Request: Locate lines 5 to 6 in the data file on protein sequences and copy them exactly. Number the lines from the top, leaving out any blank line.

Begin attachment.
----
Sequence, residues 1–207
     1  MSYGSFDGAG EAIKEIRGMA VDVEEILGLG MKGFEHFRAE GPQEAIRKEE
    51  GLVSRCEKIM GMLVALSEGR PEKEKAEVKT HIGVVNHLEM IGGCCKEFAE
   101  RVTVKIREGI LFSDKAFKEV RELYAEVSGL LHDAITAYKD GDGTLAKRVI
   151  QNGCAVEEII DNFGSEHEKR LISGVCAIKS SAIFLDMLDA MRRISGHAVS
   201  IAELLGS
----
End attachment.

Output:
   151  QNGCAVEEII DNFGSEHEKR LISGVCAIKS SAIFLDMLDA MRRISGHAVS
   201  IAELLGS